En español | Politicians are eyeing Medicare as a spending program ripe for cuts to help reduce the nation's deficit. And so it follows that the future of Medicare looms as a key battleground issue in the 2012 general election. But proposals to change the popular program tend to alarm older Americans, who see Medicare as part of their retirement security. And these same older Americans vote in large numbers. So stand by to hear all candidates claim that they want to "save" Medicare for future generations — but often in very different ways.
See also: How would you strengthen Medicare?
Proposed changes to the program include raising the eligibility age to 67, raising payroll taxes and requiring better-off beneficiaries to pay more. The most politically contentious plan, devised by Rep. Paul Ryan (R-Wis.), chairman of the House Budget Committee, would limit federal spending on Medicare and alter the way the government pays for benefits. Republicans say this plan is a fiscally responsible way of extending Medicare's viability as millions of boomers enter the program. Democrats call it "the end of Medicare as we know it" and a way to shift more costs to beneficiaries.
Polls show that most Americans prefer to keep Medicare as it is. "Ryan's plan is a fundamental change in the structure of the program," so it makes older voters more nervous than lesser proposals do, says Robert Blendon, professor of health policy at Harvard's School of Public Health. But whoever gains the upper political hand in November, he adds, will have to wrestle with the budget deficit — and some of those decisions will likely affect Medicare.
With that in mind, AARP asked policy experts from across the political spectrum — Henry Aaron, senior fellow of the economic studies program at the Brookings Institution; Stuart Butler, director of the Center for Policy Innovation at the Heritage Foundation; and experts at Avalere Health, a Washington health care policy and research company — to give arguments for and against some Medicare proposals. (Read these in full and contact the experts at earnedasay.org.) Here are summaries of their opposing positions on seven options that most directly affect beneficiaries:
Changing the way Medicare pays for benefits
Medicare now offers two ways to receive benefits. If you're in traditional Medicare, the government pays directly for each covered medical service you use. If you're in a Medicare Advantage private plan, the government pays a set annual amount to the plan for your care. Under the Ryan plan — known as "premium support" to its proponents and as a "voucher system" to its critics — the government would allow you a certain sum of money to buy coverage from competing private plans or from a revised version of traditional Medicare.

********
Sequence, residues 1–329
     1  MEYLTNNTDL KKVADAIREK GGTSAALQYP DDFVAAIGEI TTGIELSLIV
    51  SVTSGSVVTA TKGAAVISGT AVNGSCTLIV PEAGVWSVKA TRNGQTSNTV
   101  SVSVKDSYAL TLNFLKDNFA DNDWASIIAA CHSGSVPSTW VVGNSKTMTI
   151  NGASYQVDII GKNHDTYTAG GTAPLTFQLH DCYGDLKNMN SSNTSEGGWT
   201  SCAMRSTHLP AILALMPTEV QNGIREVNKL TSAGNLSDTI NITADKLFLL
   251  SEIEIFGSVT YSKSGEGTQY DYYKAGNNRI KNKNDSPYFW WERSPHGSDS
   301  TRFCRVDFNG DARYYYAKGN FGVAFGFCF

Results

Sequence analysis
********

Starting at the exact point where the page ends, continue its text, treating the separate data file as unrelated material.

For: This would put Medicare on a budget to hold down spending and reduce the tax burden on future generations. You'd receive a share of this budget to help you purchase your health care and have more flexibility to make choices. For example, if you wanted more generous coverage (such as seeing any doctor of your choice), you'd pay the premium difference out of your own pocket, and if the difference became too high, you could switch to a less expensive plan.
Against: The value of the voucher would be tied to some economic index — not to actual health costs, which generally rise faster than other costs. So there is a high risk that benefits would become increasingly inadequate and more out-of-pocket costs would be shifted to the consumer. Medicare already has competing private plans, through the Medicare Advantage and Part D drug programs, yet the hoped-for savings from them have not yet materialized.
Raising Medicare eligibility age to 67
Eligibility for Medicare has always been at age 65, except for younger people with disabilities. This proposal aims to gradually bring Medicare in line with Social Security, where full retirement age is now 66 and set to rise to 67 by 2027.
For: With more Americans living longer, and health spending on older people rising, we can't afford Medicare at age 65. Raising the eligibility age would reduce federal spending on Medicare by about 5 percent over the next 20 years.
Against: This proposal would increase other health care spending — especially costs for employer health plans and Medicaid — and uninsured people would pay full costs for a longer time. Medicare premiums would rise due to fewer people in the program to share costs.
Raising the Medicare payroll tax
This tax, which funds Medicare Part A hospital insurance, is currently 2.9 percent of all earnings (1.45 percent each for employers and employees; 2.9 percent for the self-employed). People who have paid this tax for a sufficient time do not pay monthly premiums for Part A.